Near Term [Through Tonight]...
Relatively quiet weather conditions are expected to continue into
tonight thanks to a ridge of surface high pressure.
The possibility exists of some fog overnight, especially further west in our area.
With a relatively stagnant pattern and some patchy fog being observed last night, we have included patchy fog wording in the grids.
Short Term [Sunday Through Monday Night]...
Another fair and quite warm day is on tap to finish the weekend with
highs ranging from the upper 70s near the coast to the high end of
the middle 80s well inland on Sunday, as the weak ridge of high
pressure remains in control over the area.
As this ridge begins to slide eastward, more humid air will begin to advect in off the Gulf of Mexico on Sunday night and Monday, which will also be accompanied by increasing cloudiness ahead of the next developing upper level low pressure system to our west.
Lows on Sunday night should range from the upper 50s north to the middle 60s south, with highs on Monday a few degrees cooler than on Sunday with less afternoon sunshine.
Also, while the timing is still a bit uncertain, scattered showers and thunderstorms may reach the CWA during Monday afternoon, while the threat for any severe weather or heavy rainfall and potential flooding concerns should hold off until Monday night and Tuesday.
Nevertheless, by Monday night PoPs should range from 30 to 40 percent across the SE 1/3 of the region, then gradually increase to 40 to 60 percent across most of the CWA, with even some 70 to 80 percent rain chances across SE AL and the western FL Panhandle by
close to sunrise on Tuesday morning.
Long Term [Tuesday Through Saturday]...
After our reasonably long respite from the unsettled weather (given
the nature of the extremely progressive and active upper level
pattern this spring) which has lasted from last Wednesday through
the first half of this weekend, signs of yet another developing
shortwave to our west are already taking shape to impact our weather
early next week.
As was the case on Friday, the Global models are still in reasonable agreement of a steep upper level trof carving its way down to the northern Gulf coast on Tuesday into Wednesday before gradually pulling away to our NE.
The main differences between the GFS and ECMWF are the timing and duration of this potential severe weather and likely heavy rainfall maker, with the ECMWF leaning towards a wetter solution, with the possibility of a very heavy round or two of precip both over our CWA and upstream, which would exacerbate the flooding on many of our rivers and streams which are still quite high and recovering from the last flooding event.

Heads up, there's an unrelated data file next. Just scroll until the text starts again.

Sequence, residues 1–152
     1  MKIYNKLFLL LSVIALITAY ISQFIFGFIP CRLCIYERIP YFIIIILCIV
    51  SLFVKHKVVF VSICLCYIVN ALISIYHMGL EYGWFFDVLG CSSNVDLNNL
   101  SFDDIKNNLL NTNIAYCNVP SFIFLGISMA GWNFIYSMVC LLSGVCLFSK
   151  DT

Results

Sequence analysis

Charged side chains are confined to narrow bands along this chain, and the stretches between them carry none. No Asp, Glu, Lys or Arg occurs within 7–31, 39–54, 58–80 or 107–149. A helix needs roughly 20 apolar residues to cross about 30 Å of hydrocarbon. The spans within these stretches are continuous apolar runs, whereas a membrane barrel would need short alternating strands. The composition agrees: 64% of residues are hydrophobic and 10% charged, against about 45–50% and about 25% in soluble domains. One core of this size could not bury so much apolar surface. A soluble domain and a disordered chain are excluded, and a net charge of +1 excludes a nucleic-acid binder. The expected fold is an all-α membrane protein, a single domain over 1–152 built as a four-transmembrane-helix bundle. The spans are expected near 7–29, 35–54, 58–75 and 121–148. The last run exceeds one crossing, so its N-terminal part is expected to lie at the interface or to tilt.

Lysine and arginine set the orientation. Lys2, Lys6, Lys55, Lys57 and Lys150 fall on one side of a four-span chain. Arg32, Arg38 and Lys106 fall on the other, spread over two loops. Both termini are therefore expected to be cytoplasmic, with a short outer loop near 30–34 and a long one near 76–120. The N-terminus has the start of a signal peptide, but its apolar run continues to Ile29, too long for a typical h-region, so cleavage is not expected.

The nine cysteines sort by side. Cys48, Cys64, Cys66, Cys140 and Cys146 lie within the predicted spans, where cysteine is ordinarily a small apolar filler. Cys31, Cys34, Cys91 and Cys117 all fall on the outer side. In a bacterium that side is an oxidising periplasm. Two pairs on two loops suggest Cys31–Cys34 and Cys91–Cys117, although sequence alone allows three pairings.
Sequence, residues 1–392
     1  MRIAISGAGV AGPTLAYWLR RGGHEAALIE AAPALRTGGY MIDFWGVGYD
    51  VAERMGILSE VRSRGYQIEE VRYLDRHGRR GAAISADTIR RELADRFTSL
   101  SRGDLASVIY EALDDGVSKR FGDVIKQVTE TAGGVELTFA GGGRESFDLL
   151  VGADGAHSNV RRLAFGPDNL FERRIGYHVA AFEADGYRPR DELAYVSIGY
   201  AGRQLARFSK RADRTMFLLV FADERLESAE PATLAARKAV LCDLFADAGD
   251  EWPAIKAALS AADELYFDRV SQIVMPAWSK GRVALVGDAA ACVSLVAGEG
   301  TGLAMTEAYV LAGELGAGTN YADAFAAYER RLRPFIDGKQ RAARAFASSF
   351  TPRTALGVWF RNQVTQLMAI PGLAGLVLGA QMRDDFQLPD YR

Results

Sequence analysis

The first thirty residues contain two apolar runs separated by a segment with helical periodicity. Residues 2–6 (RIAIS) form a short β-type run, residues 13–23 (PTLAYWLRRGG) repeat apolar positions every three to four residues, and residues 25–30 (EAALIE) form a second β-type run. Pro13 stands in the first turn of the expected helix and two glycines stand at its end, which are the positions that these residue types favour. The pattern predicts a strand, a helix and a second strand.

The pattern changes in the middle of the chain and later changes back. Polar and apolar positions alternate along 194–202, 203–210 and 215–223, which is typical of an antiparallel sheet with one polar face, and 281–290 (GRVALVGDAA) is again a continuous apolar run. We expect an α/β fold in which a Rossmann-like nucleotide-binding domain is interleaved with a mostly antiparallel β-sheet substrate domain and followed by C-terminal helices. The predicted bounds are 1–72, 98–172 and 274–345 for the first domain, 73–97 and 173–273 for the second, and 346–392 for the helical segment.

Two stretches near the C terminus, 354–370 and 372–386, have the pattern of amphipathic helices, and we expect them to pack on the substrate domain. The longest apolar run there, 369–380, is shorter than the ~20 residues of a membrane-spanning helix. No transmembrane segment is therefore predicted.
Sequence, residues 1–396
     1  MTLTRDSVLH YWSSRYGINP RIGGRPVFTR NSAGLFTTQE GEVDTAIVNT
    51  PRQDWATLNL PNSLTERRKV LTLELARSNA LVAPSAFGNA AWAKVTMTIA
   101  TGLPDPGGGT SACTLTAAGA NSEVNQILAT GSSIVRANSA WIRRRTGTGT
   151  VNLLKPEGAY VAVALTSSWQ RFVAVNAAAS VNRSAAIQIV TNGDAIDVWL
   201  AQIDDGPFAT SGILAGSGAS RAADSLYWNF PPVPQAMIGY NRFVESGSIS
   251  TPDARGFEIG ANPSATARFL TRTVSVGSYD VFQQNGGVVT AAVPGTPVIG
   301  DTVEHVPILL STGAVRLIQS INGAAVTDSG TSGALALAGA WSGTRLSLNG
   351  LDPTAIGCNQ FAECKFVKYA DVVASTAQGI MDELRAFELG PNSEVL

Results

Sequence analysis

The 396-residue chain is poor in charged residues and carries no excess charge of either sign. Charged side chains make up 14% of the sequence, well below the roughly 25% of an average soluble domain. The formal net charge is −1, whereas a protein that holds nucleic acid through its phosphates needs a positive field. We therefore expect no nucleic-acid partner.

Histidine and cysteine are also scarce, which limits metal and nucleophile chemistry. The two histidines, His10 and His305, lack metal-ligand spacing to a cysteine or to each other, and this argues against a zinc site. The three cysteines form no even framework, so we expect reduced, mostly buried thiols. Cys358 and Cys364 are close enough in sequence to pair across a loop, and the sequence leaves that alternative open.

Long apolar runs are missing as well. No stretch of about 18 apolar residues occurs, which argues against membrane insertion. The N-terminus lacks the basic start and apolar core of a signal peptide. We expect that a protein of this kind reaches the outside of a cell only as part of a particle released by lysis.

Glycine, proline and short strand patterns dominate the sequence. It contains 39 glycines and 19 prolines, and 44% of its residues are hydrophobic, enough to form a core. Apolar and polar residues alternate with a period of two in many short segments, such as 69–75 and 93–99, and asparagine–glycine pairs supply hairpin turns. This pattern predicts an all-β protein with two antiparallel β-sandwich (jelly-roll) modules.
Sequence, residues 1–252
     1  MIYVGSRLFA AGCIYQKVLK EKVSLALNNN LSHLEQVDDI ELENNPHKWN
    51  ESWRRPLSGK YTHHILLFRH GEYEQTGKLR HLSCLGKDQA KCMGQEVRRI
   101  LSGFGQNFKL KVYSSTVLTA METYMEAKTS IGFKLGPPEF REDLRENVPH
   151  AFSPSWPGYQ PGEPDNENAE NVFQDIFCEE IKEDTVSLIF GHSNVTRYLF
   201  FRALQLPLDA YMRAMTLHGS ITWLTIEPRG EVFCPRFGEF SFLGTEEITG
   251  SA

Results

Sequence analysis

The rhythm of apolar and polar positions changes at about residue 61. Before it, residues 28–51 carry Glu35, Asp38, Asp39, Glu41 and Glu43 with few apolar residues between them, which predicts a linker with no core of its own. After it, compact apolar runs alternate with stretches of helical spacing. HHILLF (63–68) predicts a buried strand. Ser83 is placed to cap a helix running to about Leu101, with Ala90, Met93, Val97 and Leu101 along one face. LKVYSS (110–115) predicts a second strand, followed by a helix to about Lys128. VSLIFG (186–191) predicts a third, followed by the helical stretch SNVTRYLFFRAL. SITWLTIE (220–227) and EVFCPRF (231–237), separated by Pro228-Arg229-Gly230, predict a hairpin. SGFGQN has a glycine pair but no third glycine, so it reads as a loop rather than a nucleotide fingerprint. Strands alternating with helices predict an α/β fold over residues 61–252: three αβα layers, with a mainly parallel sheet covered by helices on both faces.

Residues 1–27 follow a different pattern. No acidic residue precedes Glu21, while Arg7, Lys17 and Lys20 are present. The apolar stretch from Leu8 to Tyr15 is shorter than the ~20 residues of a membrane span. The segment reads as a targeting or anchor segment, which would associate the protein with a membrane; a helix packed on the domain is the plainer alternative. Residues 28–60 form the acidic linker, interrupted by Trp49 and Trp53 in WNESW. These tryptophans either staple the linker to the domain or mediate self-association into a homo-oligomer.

For now, the GFS is significantly faster, and while both models could still pose a severe weather threat (which we will be examining more closely over the next couple of days), the overall flooding impacts would be lower given the GFS solution with any significant impacts likely over by the end of the day on Tuesday.
Thereafter, fair and near seasonable conditions should return for the balance of the week, with the next chance for inclement weather
returning on Friday into Saturday.
VFR conditions should continue to prevail across the region and at all terminals for much of the TAF period.
The exception would be the possibility of some MVFR visibilities in
fog around daybreak Sunday - mainly 09z to 13z.
Generally light east to southeasterly winds this evening are expected to increase to just below cautionary levels late tonight into Sunday as the pressure pattern briefly tightens.
Then, onshore winds and seas will remain light to moderate through Monday before increasing to at least cautionary levels out of the southwest on Monday night into Tuesday out ahead of the next low pressure system and cold frontal boundary.
In its wake, cautionary to possibly advisory level offshore winds and seas are expected to move into the marine area on Tuesday night into Wednesday.
Relative humidity levels will remain above critical thresholds for the next several afternoons.
Some high dispersions are possible in parts of our Florida zones on Sunday.
The next soaking rains should arrive late Monday and Tuesday.
Most rivers have reached their peak and are generally falling.
The only exceptions are the Choctawhatchee River at Bruce and
Ochlockonee River at Havana. The Ochlockonee River at Concord is
continuing a broad crest today and the Withlacoochee at Valdosta
peaked right at minor flood stage early this morning.
The next chance of rainfall is Monday through Tuesday night.
At this time the system looks progressive enough to keep rainfall totals around 1.5-3", with higher rainfall totals north and west of the
line from Apalachicola to Tallahassee to Fitzgerald.
These totals will be too low for flash flooding to be a main concern... however, this may slow the decreases on already swollen rivers and may even cause a few to return to bankfull or minor flood stage by later in the week.
The latest specific river forecast information can be found at
Preliminary Point Temps/PoPs...
Tallahassee 56 84 61 83 64 / 0 0 10 30 40
Panama City 62 79 64 77 64 / 0 0 10 30 60
Dothan 58 83 60 80 59 / 0 0 10 50 70
Albany 57 82 59 80 61 / 0 0 10 30 60
Valdosta 56 87 60 85 63 / 0 0 10 20 40
Cross City 55 84 61 83 64 / 0 0 10 20 30
Apalachicola 63 78 65 77 66 / 0 0 10 30 50